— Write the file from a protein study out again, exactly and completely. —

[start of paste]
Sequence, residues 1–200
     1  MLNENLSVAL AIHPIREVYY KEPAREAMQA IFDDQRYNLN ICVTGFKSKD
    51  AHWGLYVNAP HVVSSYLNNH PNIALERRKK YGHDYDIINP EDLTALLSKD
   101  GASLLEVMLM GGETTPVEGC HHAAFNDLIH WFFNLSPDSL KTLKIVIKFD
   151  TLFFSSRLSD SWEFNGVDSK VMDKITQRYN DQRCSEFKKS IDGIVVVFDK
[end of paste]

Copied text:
Sequence, residues 1–200
     1  MLNENLSVAL AIHPIREVYY KEPAREAMQA IFDDQRYNLN ICVTGFKSKD
    51  AHWGLYVNAP HVVSSYLNNH PNIALERRKK YGHDYDIINP EDLTALLSKD
   101  GASLLEVMLM GGETTPVEGC HHAAFNDLIH WFFNLSPDSL KTLKIVIKFD
   151  TLFFSSRLSD SWEFNGVDSK VMDKITQRYN DQRCSEFKKS IDGIVVVFDK